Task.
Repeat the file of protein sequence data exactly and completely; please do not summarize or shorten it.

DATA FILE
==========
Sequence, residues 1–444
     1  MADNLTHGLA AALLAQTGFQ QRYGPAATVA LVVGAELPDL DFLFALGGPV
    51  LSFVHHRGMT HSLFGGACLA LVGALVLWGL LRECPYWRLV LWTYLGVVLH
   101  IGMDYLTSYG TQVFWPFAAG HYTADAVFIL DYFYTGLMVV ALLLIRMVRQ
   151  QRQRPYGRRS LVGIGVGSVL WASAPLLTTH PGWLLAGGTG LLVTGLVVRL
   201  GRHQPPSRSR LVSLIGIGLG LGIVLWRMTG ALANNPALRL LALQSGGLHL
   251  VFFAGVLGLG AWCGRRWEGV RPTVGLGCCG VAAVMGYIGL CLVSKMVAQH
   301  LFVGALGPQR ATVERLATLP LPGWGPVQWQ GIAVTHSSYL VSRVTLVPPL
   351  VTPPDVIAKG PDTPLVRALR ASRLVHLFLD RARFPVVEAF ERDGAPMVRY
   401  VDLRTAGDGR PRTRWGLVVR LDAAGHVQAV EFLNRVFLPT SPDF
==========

Sequence, residues 1–444
     1  MADNLTHGLA AALLAQTGFQ QRYGPAATVA LVVGAELPDL DFLFALGGPV
    51  LSFVHHRGMT HSLFGGACLA LVGALVLWGL LRECPYWRLV LWTYLGVVLH
   101  IGMDYLTSYG TQVFWPFAAG HYTADAVFIL DYFYTGLMVV ALLLIRMVRQ
   151  QRQRPYGRRS LVGIGVGSVL WASAPLLTTH PGWLLAGGTG LLVTGLVVRL
   201  GRHQPPSRSR LVSLIGIGLG LGIVLWRMTG ALANNPALRL LALQSGGLHL
   251  VFFAGVLGLG AWCGRRWEGV RPTVGLGCCG VAAVMGYIGL CLVSKMVAQH
   301  LFVGALGPQR ATVERLATLP LPGWGPVQWQ GIAVTHSSYL VSRVTLVPPL
   351  VTPPDVIAKG PDTPLVRALR ASRLVHLFLD RARFPVVEAF ERDGAPMVRY
   401  VDLRTAGDGR PRTRWGLVVR LDAAGHVQAV EFLNRVFLPT SPDF